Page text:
What's the best season for brain performance?

We all know that people's moods tend to vary with the seasons (you may have heard of Seasonal Affective Disorder (SAD) which comes with the beginning of winter). But few studies have looked at physiological fluctuations in the brain based on the time of year. A recent study carried out by a team at the University of Liège in Belgium shows that brain activity can vary according to the rhythm of the seasons. During what part of year are we most efficient?

To study the possible effect of the seasons on our brain activity, C. Meyer and her colleagues asked 28 subjects (14 men and 14 women; average age = 21 years) to remain in an environment devoid of any seasonal cues (such as brightness) over the course of four and a half days; this period included a phase of 50 hours of sleep deprivation. After this period of “confinement,” participants performed two cognitive tasks in order to evaluate their attention and working memory capacities. Functional MRI was used to scan the subjects’ brains. The protocol was used monthly between May 2010 and October 2011.

Brain imaging shows that for the sustained attention task, the maximal and minimal responses appeared respectively around the summer and winter solstices; while for the working memory task, the results were better in autumn and worse in spring. According to the authors, the differences in brain function aren’t noticeable in daily life, but they do show that brain activity changes throughout the year, and is likely influenced by the seasons.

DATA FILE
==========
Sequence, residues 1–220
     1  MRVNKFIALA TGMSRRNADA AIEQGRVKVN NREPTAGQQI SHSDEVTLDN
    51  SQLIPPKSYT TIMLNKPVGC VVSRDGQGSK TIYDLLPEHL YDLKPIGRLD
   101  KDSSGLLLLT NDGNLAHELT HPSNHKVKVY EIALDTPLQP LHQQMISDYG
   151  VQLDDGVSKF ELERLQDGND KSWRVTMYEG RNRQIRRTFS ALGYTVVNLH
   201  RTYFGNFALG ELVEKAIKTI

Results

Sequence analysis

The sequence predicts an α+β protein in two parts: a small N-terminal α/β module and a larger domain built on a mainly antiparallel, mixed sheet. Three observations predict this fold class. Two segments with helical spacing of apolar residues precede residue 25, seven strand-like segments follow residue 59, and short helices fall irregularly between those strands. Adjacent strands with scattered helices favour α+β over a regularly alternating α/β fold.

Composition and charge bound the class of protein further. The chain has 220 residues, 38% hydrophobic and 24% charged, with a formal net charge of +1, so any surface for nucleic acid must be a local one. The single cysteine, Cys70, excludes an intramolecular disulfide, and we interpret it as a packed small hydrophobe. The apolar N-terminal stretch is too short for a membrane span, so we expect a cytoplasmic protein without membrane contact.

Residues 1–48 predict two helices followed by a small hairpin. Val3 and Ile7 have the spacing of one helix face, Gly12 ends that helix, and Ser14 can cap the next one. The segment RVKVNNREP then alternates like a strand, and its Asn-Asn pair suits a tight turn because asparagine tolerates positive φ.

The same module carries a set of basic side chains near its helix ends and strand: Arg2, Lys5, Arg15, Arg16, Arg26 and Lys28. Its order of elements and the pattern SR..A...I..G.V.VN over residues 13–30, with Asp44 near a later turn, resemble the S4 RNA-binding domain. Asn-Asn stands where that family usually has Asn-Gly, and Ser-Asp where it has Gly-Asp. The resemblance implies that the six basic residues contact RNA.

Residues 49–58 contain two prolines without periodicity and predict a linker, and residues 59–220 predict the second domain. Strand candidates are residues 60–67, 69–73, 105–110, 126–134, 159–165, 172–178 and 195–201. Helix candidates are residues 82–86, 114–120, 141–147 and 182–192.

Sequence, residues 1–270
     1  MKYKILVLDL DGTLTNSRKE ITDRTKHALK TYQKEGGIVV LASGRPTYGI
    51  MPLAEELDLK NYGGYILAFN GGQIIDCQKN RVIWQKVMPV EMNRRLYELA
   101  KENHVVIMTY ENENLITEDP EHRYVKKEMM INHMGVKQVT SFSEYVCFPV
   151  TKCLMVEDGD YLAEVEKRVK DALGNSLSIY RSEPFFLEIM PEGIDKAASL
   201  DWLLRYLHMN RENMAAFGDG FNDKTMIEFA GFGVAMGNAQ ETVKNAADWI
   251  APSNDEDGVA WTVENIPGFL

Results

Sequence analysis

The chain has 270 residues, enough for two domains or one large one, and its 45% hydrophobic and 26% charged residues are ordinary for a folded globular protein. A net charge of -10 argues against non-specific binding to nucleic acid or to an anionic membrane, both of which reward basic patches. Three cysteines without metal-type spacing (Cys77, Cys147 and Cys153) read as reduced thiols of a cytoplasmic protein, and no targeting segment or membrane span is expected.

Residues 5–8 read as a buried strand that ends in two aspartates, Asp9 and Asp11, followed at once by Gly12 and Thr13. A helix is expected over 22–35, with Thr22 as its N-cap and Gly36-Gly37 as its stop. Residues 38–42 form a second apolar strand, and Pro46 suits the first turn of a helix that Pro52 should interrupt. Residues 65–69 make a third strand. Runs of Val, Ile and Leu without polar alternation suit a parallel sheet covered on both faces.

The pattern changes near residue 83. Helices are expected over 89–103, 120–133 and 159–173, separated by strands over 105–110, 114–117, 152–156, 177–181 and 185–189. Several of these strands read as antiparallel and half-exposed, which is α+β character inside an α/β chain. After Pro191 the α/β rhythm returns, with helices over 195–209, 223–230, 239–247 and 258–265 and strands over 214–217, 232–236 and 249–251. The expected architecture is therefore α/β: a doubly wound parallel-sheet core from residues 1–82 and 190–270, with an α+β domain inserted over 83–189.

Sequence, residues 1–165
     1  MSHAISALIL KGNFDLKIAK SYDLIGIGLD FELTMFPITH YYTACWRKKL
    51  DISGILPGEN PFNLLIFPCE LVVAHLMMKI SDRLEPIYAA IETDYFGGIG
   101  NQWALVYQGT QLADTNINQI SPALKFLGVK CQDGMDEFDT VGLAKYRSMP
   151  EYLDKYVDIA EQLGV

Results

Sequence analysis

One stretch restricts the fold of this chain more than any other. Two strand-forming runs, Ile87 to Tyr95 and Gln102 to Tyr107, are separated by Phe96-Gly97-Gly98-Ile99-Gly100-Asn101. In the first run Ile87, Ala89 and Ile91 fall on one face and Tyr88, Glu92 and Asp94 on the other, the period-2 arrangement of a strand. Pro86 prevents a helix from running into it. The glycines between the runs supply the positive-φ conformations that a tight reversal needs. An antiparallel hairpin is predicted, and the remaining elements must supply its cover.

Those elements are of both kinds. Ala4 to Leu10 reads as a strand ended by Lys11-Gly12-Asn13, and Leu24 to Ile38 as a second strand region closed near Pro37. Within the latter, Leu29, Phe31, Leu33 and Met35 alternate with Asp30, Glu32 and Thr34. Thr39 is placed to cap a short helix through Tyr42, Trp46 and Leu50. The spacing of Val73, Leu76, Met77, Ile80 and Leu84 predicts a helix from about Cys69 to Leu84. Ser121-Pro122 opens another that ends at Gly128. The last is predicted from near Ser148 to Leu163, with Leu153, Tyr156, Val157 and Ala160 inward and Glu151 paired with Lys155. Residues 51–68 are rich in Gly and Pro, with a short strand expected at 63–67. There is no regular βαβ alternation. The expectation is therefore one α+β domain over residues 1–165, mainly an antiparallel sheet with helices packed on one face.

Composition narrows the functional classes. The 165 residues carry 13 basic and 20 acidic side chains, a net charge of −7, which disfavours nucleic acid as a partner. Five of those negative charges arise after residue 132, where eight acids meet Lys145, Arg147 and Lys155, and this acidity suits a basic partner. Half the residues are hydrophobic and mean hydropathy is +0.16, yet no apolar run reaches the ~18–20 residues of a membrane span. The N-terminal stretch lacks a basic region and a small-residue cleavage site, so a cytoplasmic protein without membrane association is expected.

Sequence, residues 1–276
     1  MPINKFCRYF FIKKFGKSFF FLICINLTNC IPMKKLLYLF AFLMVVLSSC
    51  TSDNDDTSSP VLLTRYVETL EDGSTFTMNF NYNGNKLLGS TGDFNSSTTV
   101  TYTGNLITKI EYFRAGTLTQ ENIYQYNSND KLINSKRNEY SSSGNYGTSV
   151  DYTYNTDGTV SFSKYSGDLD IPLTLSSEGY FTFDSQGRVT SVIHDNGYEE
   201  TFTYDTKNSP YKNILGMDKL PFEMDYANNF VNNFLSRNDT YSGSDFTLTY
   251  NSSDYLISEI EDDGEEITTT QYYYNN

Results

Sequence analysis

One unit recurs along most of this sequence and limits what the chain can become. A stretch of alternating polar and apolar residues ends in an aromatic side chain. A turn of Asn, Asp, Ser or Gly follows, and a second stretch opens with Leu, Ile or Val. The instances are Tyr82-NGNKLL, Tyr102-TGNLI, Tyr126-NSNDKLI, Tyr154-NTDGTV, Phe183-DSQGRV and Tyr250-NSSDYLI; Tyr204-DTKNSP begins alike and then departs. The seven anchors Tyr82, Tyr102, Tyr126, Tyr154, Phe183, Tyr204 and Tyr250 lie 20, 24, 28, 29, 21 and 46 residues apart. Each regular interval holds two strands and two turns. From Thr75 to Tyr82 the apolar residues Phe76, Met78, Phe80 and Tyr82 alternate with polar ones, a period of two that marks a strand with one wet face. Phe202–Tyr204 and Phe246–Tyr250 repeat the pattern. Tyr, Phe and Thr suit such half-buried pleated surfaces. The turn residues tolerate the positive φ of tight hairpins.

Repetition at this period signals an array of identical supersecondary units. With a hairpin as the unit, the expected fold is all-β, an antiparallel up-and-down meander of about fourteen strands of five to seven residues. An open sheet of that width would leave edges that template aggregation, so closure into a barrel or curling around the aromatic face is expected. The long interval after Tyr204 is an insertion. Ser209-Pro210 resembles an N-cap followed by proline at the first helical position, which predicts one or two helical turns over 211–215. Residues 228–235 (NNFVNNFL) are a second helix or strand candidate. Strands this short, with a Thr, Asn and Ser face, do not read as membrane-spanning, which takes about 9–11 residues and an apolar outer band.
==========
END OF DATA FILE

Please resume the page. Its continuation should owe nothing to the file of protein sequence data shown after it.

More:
Though the researchers can't yet determine which elements affect this "brain seasonality," they nevertheless suggest the following external factors: changes in temperature, humidity, amount of daylight, and even the length of social interactions. The meaning of these seasonal variations remains uncertain, as the number of participants was quite low.

Still, this study published in PNAS raises an interesting question about the possible effects of seasonality on human cognitive function.
Source: C. Meyer et al, Seasonality in human cognitive brain responses, in PNAS, 08-02-2016.


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